With 473 ballots cast, only 8.3 percent of the City of Alachua’s 5,732 registered voters participated in the April 10 election.

Bown may have been given an edge with an endorsement by Commissioner Hills, a friend of more than two decades.  “I’m so grateful to him for his endorsement and to my husband, family, friends, campaign team and my heavenly father who gave me this blessing,” she said.

A Speech and Language Pathologist with the School Board of Alachua County for some 31 years, Brown has been a resident of Alachua since the 1970s.  She is a member of numerous community organizations including the Alachua Woman’s Club, St. Luke A.M.E Church and Friends of the Alachua Branch Library.

Brown credited much of her support from people who have seen and known her over the years from schools to community events and ball games.  “I love people and I love serving others,” she said.

She plans on retiring from the school board in June, leaving more time for her new role as a commissioner.  “This is just another job for me to do,” she said, adding, “I plan to be a new voice for the people of Alachua and I will do my best for everyone and represent the city well.”

Brown’s son, Marlon Brown, 37, said in a telephone interview that he was proud of his mother adding, “It’s a wonderful day in the city of Alachua.”

As for his mother’s new role as a commissioner, Marlon Brown said Shirley Brown would “bring to the commission good spirits and the motivation to help Alachua.”

About the campaign season, Shirley Brown said she believed it to be a clean one, adding, “Everyone was respectful of each other and exhibited a lot of integrity.”

Candidate Patricia Lee agreed with Brown that the campaigns were clean, but did not believe the election received enough media attention.

“I would like to see the strong hold of the people who help people get elected in Alachua broken,” said Lee.

Now an executive director with a Leesburg, Fla. area Community Development Corporation, Lee was once an employee of the City of Alachua.  She unsuccessfully ran for commission in 2008.  She also added that although she believes any one of the three candidates would make good commissioners there are certain issues she would have brought to the commission.

“A higher level of integrity and transparency needs to be reached,” Lee said of the city.

Commissioner Orien Hills will serve until the beginning of the April 23 commission meeting when Brown will take her oath of office and assume Hills’ seat on the dais.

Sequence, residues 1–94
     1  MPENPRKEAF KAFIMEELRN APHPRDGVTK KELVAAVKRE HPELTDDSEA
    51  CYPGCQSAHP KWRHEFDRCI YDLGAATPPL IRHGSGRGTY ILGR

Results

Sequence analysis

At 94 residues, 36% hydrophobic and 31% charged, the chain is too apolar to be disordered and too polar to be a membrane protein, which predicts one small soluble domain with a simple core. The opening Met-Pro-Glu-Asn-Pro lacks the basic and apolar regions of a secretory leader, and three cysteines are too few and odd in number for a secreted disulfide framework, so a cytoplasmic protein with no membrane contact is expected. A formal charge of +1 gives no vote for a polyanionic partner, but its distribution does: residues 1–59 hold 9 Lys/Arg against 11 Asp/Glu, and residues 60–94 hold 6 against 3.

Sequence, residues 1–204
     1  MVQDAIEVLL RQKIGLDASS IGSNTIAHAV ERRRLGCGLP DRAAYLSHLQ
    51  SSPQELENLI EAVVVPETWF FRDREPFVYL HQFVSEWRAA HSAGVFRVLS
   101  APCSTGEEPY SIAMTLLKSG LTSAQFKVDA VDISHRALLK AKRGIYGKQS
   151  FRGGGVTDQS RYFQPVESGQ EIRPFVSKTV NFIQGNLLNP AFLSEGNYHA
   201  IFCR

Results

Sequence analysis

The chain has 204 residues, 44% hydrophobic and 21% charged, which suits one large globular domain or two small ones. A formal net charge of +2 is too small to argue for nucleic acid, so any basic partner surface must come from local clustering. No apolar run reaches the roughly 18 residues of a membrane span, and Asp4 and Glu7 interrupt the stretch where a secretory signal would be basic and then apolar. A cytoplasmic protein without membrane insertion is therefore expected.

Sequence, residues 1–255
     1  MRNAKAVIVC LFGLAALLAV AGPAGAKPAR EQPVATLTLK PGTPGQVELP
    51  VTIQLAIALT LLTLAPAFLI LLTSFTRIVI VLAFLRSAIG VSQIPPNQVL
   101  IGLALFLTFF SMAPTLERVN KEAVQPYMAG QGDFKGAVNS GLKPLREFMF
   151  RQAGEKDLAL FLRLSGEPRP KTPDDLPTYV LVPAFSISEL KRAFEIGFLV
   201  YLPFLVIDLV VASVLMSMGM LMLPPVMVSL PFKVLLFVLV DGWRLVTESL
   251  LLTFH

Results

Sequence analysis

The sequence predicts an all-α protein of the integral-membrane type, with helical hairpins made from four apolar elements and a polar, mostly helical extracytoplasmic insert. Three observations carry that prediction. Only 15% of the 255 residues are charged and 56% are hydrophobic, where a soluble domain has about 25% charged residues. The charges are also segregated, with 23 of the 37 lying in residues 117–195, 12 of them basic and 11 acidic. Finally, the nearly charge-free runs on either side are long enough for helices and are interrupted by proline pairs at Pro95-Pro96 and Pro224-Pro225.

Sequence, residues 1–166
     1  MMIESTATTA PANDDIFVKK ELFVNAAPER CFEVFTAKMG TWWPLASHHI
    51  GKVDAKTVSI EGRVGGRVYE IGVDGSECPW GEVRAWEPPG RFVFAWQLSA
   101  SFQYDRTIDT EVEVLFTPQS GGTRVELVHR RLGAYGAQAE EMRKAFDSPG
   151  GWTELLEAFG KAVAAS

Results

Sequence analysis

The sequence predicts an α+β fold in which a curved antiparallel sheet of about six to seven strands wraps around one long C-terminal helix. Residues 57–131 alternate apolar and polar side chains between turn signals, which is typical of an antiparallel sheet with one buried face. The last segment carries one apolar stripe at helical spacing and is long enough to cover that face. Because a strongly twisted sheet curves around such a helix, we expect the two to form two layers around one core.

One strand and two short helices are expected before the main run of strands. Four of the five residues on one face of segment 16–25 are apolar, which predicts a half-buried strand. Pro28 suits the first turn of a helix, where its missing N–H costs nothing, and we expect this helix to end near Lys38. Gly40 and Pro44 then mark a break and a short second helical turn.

Commissioner Gary Hardacre ran unopposed for his seat on the commission and was automatically re-elected as a result.  Commissioners are elected to three-year terms in the city of Alachua.

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HIGH SPRINGS – On the evening before City Planner Christian Popoli was to serve his last day on the job, a High Springs commissioner brought up discussion in an April 5 meeting about other positions he thought were not working to their full potential.

Vice Mayor Bob Barnas announced that he had no confidence in the positions of City Clerk and the City Finance Services Director.

On Thursday, April 12, city commissioners will discuss Barnas’ remark about his lack of confidence in the City Clerk, a charter position, and its budget funding. As of Monday, Barnas’ only comment about his lack of confidence in the City Clerk position was “to come to the meeting on Thursday.”

“We have record losses that happened,” Barnas said during the April 5 meeting. “We have e-mails that were lost. We have tax parcels that didn’t get taken care of. I wanted to go on the record. I am not happy with the performance of the city clerk.”

Under the city clerk staffing section of the budget, Barnas read during the March 29 budget meeting that there were positions of deputy city clerk, city clerk, information technology supervisor and administrative clerk – student. However, only one position is salaried and funded, he said.

“But should we, before the end of the year, want an information technology person under city clerk, we could still do that?” Barnas asked Finance Services Director Helen McIver during the March 29 budget meeting. “We could move the city clerk, somehow, to city manager.”

McIver responded by saying that a budget adjustment would have to be made to move funds from one position to another, the same way the city moved funds from the city planner to the city engineer position.

Previous city managers, such as Jim Drumm, held the position for both the city manager and the deputy city clerk. Commissioner Linda Gestrin said the previous system worked well and that it might be something that should be looked at.

Commissioner Sue Weller said the city clerk position was moved away from the city manager to save money. When High Springs moved away from the city manager/city clerk position, the deputy city clerk position was eliminated.

As for the finance director, Barnas said there has been a constant waffling of how much money the city is over or under budget.

In a previous interview, McIver stated that it is still early in the year to analyze how the budget will be at the end of the year. She estimated that it would fall $75,000 short in the General Fund based on current trends, but that could change.

Barnas said he knows that under the City Charter he has no say over the position of the finance director, but he wanted to make his displeasure known.

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W_-_Newberry_Election_IMG_9825_copyL-R: Barbara Dudley, Sandra Marin, Shanna Adams and Jason Waldrop hold campaign signs as cars pull into the parking lot to the Newberry Fire Station on Tuesday.
NEWBERRY – A crowd of over 50 people gathered around the Newberry Fire Station Tuesday night. The polls were closed, and they were waiting for the results of the general election.

Three commissioners were up for re-election on Tuesday, and all three won against their respective opponents. Incumbents Joe Hoffman, Lois Forte and Alena Lawson will serve another two years on the Newberry City Commission.

Candidates and supporters arrived at the fire station early Tuesday morning to greet voters as the polls opened at 7 a.m.

After the ballots were counted, the numbers showed that nearly 700 voters turned out and another 69 filled out absentee ballots.

In Group 1, Hoffman, a city commissioner since 2002, won against his two challengers with over 60 percent of the vote. Opponents, business owner Tim Marden and long-time Newberry resident Linda Woodcock garnered 100 and 230 votes, respectively.